3 November 2023

Native title determinations give land back to Traditional Owners

| Chisa Hasegawa
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Group picture of the Kuku Warra peoples dressed in red, black and white shirts with Kuku Warra written on them.

The Kuku Warra peoples were one of the groups to get their native titles recognised in Cairns. Photo: Chisa Hasegawa.

After nine years of work and many more decades of fighting for land and recognition, the Kuku Warra, Possum, Thaypan and Wik and Wik Way people had their native titles determined in Cairns on Thursday (2 November).

The Cape York United #1 Claim was filed on behalf of the Traditional Owners of Cape York in 2014 covering almost 55 per cent of the region, and the four groups were the fifth to have their native title recognised as part of the claim.

Kuku Warra Traditional Owner Des Rumble explained the importance of the day’s event.

“It’s confirmation of our people’s Country in Australian law. We’ve always known this is Aboriginal land and will always be Aboriginal land, but we have to get it put into law and a determination does that,” he said.

“Everything we’ve already known is now being officially confirmed so it means a lot to us.”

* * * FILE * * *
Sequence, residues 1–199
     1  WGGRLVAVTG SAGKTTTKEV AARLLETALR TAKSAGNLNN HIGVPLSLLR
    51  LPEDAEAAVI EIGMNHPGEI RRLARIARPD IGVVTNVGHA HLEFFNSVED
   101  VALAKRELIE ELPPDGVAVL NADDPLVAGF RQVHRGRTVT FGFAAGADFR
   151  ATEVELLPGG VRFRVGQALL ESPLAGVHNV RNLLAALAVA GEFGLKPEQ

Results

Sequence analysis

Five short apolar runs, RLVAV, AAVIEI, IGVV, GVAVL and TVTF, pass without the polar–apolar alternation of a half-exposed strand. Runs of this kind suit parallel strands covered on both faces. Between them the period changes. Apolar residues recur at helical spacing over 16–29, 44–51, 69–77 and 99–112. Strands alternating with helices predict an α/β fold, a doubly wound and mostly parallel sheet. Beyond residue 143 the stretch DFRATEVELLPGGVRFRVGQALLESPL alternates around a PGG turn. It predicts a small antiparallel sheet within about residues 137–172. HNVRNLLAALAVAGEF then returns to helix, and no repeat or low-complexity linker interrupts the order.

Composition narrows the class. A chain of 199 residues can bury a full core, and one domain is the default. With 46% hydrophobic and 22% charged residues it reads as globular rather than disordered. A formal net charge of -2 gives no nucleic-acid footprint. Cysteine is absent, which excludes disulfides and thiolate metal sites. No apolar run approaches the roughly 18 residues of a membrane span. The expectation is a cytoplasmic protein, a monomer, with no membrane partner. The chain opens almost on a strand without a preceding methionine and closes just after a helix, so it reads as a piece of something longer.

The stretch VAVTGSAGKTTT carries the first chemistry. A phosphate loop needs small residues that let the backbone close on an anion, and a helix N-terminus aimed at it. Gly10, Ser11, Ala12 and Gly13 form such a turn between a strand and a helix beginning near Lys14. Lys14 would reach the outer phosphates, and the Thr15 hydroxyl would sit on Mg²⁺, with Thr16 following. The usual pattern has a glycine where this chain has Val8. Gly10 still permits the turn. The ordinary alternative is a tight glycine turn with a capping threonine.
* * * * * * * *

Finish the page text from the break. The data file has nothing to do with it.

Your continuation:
Mr Rumble and fellow Kuku Warra Traditional Owner Leann Alberts said the determination is not only important for them, but also for their children and generations to come.

Ms Alberts, who travelled to the determination ceremony from Rockhampton, is one of many Indigenous peoples affected by the stolen generation.

“Me and my family, we’ve never lived on the land and because of my mum being taken away, we’ve lost our culture and our belonging,” she said.

Mr Rumble explained that the determination will help their children to have a sense of being and belonging.

“Culture sits at the heart of who we are as a people and land is a part of that culture. If young people don’t know who they are and where they belong, it’s very hard for them to get on with their lives and make something if it because they’re always wondering,” he said.

He urged Australians not to give into fear through misinformation.

“Native titles can sit quite comfortably alongside other leases. The native title determination will change things for us as a people because we can move forward, but it changes nothing for non-Indigenous people,” he explained.

He said he is looking forward to continuing consulting on issues with everyone involved.

“We are moving forward as peoples and we will do it with non-Indigenous people as well: our friends, our supporters.”

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